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Dr. Hays’s Summer Researchers Study Eelgrass, a Shoreline Protector

Students conducting research.

Dr. Cynthia Hays is working with three summer undergraduate researchers on a project to document genetic diversity in an ecologically important species of marine plant called Zostera marina, otherwise known as eelgrass.

Rachel Graves ’19, Sarah Larsen ’19 and Meghan Hoffmann ’19, are working together with Dr. Hays to collect data on eelgrass through DNA extraction, PCR and gel electrophoresis to better predict the long-term patterns of population structure and stability of Zostera marina.

Understanding as much as possible about Zostera marina could be increasingly important in the near future.

“Eelgrass helps coastal ecosystems by protecting shorelines, providing homes for sea life, and filtering out a lot of carbon from the environment,” said Larsen. “This means that eelgrass could potentially be utilized to help combat climate change.”

The skills that are needed to conduct this work are learned by students during class. “I constantly use skills and knowledge in the lab that I first learned in the classroom, especially from Genetics class,” said Graves. “We run PCRs, use agarose gel electrophoresis, and need a thorough understanding of DNA to work in this lab, much of which I first learned in Genetics.”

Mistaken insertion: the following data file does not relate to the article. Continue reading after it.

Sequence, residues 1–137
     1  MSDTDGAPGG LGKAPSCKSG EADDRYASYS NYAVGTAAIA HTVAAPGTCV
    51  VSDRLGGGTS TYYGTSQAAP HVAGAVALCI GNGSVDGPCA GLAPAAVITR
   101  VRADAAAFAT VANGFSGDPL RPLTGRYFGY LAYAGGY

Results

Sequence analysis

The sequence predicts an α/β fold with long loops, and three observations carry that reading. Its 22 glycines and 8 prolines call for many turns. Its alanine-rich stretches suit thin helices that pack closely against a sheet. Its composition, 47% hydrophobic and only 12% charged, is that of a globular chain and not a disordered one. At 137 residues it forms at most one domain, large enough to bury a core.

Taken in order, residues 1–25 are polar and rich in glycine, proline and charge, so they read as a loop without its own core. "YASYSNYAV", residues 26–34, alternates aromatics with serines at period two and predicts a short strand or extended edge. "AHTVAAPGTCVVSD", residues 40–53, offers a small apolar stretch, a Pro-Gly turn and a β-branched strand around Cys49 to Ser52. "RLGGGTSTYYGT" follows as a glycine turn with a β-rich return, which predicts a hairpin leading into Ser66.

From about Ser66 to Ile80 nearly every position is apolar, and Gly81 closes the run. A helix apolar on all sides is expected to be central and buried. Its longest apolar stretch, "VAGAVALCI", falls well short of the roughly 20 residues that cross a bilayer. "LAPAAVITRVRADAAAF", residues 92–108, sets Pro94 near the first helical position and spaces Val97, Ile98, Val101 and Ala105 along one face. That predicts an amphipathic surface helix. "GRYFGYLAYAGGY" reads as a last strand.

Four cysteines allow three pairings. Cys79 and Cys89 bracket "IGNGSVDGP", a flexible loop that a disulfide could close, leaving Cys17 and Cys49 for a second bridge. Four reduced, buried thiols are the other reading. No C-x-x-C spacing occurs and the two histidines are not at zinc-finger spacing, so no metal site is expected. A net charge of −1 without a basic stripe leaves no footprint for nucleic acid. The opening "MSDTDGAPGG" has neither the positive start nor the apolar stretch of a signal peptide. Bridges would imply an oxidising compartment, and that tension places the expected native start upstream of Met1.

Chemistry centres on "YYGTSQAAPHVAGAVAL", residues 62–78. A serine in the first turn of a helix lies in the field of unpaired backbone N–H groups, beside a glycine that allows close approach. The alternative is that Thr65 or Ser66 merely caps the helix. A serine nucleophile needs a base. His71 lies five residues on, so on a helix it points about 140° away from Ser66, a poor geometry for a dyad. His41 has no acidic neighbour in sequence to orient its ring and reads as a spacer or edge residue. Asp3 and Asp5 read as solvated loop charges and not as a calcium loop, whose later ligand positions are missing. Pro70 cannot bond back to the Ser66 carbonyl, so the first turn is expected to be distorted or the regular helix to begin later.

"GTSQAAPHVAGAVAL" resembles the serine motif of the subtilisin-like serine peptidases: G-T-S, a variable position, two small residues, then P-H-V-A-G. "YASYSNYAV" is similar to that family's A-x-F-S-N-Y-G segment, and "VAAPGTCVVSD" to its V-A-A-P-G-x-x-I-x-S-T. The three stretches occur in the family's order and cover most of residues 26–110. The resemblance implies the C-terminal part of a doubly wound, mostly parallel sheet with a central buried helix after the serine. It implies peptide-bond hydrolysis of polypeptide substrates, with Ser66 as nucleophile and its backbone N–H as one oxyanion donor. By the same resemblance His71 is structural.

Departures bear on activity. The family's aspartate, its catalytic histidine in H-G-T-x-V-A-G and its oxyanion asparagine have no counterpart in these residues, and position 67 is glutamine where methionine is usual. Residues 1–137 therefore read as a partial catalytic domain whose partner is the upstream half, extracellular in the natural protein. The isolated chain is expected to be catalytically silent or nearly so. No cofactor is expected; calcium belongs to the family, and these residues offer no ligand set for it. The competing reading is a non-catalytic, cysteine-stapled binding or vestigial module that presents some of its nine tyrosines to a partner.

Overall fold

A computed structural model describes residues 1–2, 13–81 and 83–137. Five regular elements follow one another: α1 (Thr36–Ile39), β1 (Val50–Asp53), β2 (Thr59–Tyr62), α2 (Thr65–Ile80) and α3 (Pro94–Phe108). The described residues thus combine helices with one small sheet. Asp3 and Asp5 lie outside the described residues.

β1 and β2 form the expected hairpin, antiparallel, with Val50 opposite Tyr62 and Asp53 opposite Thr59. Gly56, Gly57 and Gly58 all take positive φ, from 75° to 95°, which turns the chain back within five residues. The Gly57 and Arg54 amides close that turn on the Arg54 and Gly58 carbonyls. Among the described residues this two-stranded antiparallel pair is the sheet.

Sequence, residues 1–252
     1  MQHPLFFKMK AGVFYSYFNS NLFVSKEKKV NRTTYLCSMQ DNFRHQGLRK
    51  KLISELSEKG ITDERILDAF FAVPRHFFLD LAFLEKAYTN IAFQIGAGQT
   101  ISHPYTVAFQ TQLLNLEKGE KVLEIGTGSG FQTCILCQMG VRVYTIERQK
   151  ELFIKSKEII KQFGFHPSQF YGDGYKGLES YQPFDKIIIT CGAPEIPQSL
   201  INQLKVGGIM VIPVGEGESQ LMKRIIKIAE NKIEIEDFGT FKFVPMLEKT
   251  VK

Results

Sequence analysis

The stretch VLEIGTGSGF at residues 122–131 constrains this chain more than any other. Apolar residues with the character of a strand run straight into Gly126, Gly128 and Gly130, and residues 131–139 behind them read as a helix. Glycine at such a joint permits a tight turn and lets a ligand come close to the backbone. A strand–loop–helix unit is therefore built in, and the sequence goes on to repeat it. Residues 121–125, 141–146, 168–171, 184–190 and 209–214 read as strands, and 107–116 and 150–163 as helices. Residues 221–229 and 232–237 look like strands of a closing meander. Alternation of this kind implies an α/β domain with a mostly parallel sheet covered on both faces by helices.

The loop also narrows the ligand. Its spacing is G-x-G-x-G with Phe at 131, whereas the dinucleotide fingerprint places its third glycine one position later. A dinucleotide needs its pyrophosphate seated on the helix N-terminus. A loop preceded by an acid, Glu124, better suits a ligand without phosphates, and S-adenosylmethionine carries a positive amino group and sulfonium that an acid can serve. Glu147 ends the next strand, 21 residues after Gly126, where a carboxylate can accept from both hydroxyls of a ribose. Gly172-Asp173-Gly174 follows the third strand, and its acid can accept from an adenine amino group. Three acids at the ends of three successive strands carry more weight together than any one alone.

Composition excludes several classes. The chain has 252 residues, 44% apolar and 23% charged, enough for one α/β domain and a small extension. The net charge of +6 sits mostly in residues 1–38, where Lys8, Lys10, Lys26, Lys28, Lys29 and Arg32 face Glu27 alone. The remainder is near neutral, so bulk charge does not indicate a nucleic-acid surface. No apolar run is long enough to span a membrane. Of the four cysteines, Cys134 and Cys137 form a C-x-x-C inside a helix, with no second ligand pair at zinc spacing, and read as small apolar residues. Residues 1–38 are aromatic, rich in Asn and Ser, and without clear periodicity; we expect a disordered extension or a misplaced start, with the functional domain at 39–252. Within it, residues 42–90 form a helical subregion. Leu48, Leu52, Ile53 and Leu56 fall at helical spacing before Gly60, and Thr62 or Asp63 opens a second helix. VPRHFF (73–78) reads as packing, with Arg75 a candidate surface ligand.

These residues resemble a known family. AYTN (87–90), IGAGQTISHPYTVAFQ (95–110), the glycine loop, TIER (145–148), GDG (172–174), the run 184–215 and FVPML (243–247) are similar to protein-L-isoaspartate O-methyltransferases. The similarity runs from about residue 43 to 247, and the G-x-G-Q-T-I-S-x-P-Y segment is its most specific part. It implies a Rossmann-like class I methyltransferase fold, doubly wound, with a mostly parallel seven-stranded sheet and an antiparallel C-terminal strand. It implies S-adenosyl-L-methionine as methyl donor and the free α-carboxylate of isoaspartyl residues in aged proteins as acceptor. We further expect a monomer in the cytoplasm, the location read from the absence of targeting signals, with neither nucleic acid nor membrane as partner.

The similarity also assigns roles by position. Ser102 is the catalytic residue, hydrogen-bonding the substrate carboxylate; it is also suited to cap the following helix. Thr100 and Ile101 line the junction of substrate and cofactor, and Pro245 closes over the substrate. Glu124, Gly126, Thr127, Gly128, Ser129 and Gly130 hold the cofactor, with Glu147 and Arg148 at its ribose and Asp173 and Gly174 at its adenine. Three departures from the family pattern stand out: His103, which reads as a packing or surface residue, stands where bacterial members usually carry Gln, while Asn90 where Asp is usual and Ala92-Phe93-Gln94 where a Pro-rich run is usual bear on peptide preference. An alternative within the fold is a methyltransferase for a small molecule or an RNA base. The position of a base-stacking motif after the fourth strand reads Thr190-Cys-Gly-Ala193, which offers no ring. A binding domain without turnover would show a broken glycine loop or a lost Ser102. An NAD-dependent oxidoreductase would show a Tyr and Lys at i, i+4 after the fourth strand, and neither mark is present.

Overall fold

Hoffmann said that she believes that this research will set her up for a career working in the science field as a researcher.

“This work is very important regarding my career aspirations. I plan to either teach biology to high school students, or be involved in some type of biological research, and most of the protocols I do in lab are ones I have learned previously in class,” said Hoffmann.

All three of Dr. Hays’s undergraduate researchers were excited for the opportunity to live on campus and be paid through the Building Excellence in Science and Technology (BEST) program to work side by side with her, as well as learning several new skills along the way.

“I am so grateful to be working in Dr. Hays’s lab because I have learned so many laboratory techniques and practices that will be useful to me in the future,” said Graves. “I feel that, due to the size of Keene State’s classes, it is much easier to get on a personal level with the professors, and therefore have more opportunities for research,” added Hoffmann.